The hotel itself has conference rooms and board rooms that will seat up to 120 people and a theater where you can screen company presentations for 200.
The Hotel de la Paix's five restaurants, cafes and lounges are wonderful for entertaining clients and don't miss a romantic dinner for two in the hotel's grounds, if your spouse is traveling with you too.
Le Meridien Angkor - Just like its locations in other parts of the world, Le Meridien Angkor features world-class accommodation, perfect service and services any business traveler will love.
At Le Meridien, guest rooms are top-of-the-line with en suite bath, LCD flat screen TV with satellite, mini bar, refrigerator, large work spaces, tea and coffee making services and a living area with comfortable sofa and chairs for relaxing over work reports.
The hotel's Lobby Lounge is perfect for a drink with a client, an al fresco lunch at The Poolside will suit any business connections and, for a lovely dinner either with clients or a loved one, don't miss L'Angelo and it's famous Italian fare.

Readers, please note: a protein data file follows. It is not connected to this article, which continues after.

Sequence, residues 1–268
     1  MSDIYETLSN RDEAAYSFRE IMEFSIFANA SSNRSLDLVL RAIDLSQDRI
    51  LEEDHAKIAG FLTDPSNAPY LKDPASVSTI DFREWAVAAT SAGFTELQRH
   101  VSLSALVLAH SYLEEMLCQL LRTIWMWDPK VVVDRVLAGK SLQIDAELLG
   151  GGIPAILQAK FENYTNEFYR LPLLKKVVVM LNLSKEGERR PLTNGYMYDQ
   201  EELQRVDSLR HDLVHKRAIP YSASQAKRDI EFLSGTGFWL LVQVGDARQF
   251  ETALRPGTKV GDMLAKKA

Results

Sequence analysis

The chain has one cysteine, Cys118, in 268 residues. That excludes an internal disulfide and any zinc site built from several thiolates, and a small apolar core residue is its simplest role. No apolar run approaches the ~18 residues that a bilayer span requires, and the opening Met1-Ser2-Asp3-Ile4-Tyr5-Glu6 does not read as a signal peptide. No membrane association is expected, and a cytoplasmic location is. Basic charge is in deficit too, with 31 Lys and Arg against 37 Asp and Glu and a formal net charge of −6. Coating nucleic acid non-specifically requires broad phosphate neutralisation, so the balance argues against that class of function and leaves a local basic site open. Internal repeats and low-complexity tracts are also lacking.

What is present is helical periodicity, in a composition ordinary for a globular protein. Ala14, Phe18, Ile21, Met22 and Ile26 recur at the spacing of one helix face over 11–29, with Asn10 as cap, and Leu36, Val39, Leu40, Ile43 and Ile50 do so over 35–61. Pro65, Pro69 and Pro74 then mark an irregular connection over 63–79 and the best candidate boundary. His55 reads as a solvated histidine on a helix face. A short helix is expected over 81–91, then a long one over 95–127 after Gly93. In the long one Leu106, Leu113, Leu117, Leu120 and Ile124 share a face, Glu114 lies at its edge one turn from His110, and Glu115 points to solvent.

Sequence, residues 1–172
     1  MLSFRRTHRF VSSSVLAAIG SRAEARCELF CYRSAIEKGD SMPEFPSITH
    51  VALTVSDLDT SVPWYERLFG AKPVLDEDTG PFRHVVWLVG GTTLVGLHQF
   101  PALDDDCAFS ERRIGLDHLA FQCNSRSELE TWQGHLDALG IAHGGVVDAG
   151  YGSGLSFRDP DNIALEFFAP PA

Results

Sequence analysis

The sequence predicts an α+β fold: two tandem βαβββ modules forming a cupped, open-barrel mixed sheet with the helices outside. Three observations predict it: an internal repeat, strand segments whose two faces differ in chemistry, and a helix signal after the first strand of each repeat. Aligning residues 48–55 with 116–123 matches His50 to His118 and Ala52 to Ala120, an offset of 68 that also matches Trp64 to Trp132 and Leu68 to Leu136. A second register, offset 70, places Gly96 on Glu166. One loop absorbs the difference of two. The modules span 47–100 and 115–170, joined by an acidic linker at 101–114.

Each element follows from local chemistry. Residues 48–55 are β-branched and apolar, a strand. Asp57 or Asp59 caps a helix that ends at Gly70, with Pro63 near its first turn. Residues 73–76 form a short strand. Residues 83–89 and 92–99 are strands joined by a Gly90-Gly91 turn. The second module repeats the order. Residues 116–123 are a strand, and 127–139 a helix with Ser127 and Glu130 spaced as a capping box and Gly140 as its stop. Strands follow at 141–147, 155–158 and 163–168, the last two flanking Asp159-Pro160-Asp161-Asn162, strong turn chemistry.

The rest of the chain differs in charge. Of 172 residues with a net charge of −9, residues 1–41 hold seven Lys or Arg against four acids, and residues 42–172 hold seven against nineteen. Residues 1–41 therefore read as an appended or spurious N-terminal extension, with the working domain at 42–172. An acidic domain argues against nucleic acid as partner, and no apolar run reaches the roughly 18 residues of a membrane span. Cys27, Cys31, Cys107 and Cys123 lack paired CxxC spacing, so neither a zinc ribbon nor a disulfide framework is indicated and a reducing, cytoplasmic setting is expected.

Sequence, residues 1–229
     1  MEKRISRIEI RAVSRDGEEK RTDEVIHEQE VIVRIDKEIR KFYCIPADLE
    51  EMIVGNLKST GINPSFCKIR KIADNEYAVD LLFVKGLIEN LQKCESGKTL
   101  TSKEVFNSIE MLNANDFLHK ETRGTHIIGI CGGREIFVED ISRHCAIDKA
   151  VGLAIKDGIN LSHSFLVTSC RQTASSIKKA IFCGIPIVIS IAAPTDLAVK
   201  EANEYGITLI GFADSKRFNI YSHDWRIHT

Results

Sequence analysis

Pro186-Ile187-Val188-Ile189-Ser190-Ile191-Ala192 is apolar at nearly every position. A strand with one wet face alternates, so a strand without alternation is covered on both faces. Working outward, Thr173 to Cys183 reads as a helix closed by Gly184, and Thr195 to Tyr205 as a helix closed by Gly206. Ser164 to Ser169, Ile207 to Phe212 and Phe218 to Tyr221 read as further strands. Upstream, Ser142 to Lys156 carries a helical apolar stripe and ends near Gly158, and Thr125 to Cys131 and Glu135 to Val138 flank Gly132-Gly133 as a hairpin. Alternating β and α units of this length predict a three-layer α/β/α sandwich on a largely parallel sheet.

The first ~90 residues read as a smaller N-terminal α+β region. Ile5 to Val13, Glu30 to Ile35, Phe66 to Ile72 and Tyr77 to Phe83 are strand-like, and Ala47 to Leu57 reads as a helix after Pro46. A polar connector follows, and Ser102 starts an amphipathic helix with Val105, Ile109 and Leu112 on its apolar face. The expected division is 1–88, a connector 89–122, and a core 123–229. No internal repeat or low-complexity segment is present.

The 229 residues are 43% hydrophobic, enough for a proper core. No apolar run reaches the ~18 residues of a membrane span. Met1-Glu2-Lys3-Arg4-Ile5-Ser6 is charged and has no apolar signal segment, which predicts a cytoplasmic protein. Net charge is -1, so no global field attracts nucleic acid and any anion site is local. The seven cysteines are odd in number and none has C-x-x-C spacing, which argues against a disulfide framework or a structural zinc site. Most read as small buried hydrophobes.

For business needs, Le Meridien offers meeting rooms suitable for everything from small get togethers to large meetings for up to 700 people and, for entertaining purposes, you'll enjoy their entertainment packages that include not only catering and event services, but also high-tech audio-visual equipment and conference staff.
Sofitel Angkor Phokeethra Golf and Spa Resort - For those who love entertaining business clients over a round of golf, the Sofitel Angkor Phokeethra Golf and Spa Resort is perfect.
Guest rooms are spacious and feature LCD flat screen TV with international satellite, mini bar, refrigerator, in room safe, tea and coffee making facilities, designer toiletries and robe and slippers. Rooms have stunning garden, lake or pool views and are quiet; perfect if you need to work.
The Sofitel has five restaurants and two bars, so entertaining clients is a breeze here. After lunch, why not head out to the hotel's 18-hole golf course and talk business over a round of golf, finishing up with a post-golf drink in the bar.